Until you’re really disgusted with the pattern of wanting, getting, and regretting, nothing will change. Until the tastes of momentary indulgence and fleeting happiness are no longer appetizing, nothing will change. Let alone choosing the way of Christ. The Way that says the more of yourself you give away, the more you find.

How much more will you have to get, consume, envy, or lease before you are disgusted enough to change? And when that disgust reaches a tipping point, to what or whom will you turn as an alternative?

This turn, biblically speaking, is called repentance.

 

A church plant thought experiment

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Here’s how the question–which I am still gnawing on–was posed to me:

         What if you started a church with the aim and intent of killing it in 10 years?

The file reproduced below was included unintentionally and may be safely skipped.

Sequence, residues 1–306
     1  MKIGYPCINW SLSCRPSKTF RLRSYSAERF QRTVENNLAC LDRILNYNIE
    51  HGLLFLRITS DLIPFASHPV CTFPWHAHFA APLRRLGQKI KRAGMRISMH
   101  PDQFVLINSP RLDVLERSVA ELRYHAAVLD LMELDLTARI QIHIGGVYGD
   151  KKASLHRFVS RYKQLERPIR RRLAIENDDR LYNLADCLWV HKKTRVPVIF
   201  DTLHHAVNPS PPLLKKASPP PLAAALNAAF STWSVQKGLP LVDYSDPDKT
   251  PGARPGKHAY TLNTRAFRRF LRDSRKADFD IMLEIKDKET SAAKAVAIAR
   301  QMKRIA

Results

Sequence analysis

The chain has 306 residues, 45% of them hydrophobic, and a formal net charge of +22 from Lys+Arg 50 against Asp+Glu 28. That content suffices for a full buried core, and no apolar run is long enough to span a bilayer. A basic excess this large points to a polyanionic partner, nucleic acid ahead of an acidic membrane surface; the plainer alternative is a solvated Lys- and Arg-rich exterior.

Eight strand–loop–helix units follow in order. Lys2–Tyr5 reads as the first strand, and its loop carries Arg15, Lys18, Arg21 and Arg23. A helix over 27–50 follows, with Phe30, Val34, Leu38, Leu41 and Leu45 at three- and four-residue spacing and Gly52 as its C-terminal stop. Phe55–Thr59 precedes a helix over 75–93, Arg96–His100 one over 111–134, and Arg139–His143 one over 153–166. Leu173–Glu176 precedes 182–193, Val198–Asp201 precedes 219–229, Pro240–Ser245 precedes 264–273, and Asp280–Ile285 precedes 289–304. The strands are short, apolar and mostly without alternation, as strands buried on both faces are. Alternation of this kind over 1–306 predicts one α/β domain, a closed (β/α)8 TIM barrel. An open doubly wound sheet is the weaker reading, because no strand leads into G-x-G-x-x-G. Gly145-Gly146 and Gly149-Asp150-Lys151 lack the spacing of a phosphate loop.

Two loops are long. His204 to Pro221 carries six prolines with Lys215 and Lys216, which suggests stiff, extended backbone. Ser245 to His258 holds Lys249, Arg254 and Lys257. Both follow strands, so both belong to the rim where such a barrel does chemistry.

This question should push us past preconceived notions of what church has to look like.

For the most part, when someone plants a church, the intent is to grow larger, build wealth for funding buildings / programs / staffing / etc. and carry on in similar fashion until Jesus returns.

Some of those churches get very large. Others stay quite small. And there are all sizes in between.

But what if you shocked your imagination to go beyond the consideration of size? What if the main component of a new church was time?

The first vision casting would go something like —